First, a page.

Wednesday, March 21, 2001

Eight's great, but my boy doesn't look it

Today, my son is eight. I guess it's normal for parents to marvel at the passage of time and not quite believe how old their children are getting, but it's especially amazing with my little guy because he's still such a little guy. He doesn't look anywhere near eight, and that's a good thing, because he doesn't act anywhere near eight, either.

He's certainly made a world of progress since we adopted him at age 21 months, a near-two-year-old who didn't yet walk or talk. He's doing plenty of both now. His cognitive skills are surprisingly close to age-appropriate, and his language development is rapidly appoaching it. But from there, things get slippery. Fine and gross motor skills lag significantly, and emotionally, socially, and behaviorally, he's still pretty much off the charts.

His inabilities in those areas are noticeable to anybody who spends much time with him, but not as noticeable as they would be if he really did look eight. And to strangers -- well, I can't quite imagine that the people who think it's so cute when he asks for their keys and identifies the kind of car they drive would be quite so charmed if they knew that that very precocious preschooler they thought they were talking to was really in second grade.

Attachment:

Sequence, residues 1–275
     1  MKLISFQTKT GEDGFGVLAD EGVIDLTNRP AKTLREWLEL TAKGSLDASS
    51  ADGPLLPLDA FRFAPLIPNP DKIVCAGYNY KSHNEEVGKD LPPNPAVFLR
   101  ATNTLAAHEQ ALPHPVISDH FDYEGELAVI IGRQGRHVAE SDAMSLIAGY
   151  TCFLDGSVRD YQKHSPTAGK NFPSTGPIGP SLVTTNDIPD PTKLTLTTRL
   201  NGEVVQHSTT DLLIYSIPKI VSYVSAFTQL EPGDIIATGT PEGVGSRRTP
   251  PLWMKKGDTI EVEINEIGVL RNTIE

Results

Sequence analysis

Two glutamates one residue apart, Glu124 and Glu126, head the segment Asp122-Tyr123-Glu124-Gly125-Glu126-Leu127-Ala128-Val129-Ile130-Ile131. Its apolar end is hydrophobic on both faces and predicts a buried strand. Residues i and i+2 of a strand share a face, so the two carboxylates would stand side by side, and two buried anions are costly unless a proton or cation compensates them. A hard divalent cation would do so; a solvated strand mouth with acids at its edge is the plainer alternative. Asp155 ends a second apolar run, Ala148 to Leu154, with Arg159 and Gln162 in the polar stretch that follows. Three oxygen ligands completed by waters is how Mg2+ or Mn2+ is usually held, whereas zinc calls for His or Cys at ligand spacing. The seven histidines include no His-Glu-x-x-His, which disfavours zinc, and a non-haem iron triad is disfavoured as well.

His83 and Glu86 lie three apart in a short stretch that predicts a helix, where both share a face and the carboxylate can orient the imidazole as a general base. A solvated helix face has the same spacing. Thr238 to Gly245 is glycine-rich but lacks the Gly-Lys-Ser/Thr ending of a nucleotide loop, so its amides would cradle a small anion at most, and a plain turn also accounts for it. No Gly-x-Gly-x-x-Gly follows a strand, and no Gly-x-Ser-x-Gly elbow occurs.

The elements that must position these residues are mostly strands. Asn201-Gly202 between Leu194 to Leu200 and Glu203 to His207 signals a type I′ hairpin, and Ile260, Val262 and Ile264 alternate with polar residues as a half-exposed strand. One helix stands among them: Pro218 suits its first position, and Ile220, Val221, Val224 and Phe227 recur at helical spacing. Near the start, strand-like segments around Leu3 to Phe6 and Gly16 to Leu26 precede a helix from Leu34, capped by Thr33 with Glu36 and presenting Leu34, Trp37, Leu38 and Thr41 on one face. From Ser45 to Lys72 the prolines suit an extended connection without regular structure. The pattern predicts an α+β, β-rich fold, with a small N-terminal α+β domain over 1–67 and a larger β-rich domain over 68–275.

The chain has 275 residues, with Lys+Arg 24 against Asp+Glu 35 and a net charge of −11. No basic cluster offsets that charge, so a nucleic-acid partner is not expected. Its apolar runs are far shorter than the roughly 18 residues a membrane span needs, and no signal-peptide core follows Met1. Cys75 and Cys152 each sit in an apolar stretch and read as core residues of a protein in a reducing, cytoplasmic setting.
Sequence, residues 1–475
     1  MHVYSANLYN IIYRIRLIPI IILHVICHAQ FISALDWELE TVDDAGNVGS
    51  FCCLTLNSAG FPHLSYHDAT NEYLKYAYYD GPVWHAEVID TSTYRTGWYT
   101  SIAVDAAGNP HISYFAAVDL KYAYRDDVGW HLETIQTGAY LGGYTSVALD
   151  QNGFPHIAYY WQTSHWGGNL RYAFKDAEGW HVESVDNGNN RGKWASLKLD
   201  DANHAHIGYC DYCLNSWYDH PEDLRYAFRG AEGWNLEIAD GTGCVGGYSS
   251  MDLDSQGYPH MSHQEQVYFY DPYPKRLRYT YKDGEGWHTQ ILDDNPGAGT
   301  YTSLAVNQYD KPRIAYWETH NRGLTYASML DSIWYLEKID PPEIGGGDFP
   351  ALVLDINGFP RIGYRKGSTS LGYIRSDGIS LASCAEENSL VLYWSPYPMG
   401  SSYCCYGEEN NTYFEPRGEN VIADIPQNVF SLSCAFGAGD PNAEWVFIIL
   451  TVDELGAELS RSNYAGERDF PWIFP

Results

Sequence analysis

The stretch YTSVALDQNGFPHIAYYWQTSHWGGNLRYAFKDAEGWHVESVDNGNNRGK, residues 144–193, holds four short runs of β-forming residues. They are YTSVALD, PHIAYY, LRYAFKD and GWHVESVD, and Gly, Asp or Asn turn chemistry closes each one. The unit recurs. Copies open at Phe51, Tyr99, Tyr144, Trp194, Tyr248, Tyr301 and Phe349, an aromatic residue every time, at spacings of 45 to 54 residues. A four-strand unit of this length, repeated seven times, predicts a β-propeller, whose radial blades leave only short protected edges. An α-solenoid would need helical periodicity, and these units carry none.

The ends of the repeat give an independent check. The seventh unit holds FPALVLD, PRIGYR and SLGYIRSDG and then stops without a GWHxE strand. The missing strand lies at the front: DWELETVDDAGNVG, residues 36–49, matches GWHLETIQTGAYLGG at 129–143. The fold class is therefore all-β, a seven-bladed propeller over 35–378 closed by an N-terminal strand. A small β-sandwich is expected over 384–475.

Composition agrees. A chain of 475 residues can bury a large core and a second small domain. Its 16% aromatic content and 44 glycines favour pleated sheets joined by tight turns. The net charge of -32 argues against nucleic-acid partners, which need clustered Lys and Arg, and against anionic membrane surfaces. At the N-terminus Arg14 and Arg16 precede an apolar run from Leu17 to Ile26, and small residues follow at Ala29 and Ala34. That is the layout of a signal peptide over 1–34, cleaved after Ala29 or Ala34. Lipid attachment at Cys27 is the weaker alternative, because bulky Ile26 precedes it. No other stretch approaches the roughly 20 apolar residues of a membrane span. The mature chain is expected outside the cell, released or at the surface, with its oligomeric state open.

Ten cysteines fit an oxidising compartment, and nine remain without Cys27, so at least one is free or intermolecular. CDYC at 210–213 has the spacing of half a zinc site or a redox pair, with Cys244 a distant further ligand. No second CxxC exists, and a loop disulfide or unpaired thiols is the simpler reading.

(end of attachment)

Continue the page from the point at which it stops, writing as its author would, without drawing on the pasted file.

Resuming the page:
Or the folks in church last weekend who saw us struggling to keep him from moving too much and making noise, and who offered a smile and a "he's fine." Did they think, "There's an eight-year-old laying stretched out on the pew, rolling around, singing songs during prayer time, putting his hands down his pants ... but that's okay, his parents should calm down." Somehow, I think not. He does the best he can within the stressful situation of forced stillness and silence, and we do the best we can to help him. Goodness knows I'm grateful when people appear to be understanding ... but my heart sinks a bit when I think what they'd say if they knew his true age.

There have been some leaps forward this past year. He's started noticing what his friends at school are doing and wanting what they have. He's stopped watching Nick Jr. and started watching Snick. He seems to be acquiring some genuine feelings, or at least imitating them more skillfully. He's picking out clothes and dressing himself, doing his homework with a small degree of independence, helping with chores. He's coming along.

And he is growing; the distance between his pants hems and his sneaker tops attests to that. He's looking less and less babyish and more and more boyish. But eight? No, he doesn't look eight. And I hope that his appearance stays behind is age level for as long as it takes for his many developmental stages to get in synch. It helps him get away with a lot, and goodness knows he needs every advantage. We'll still put eight candles on his cake.

Happy birthday, small boy.

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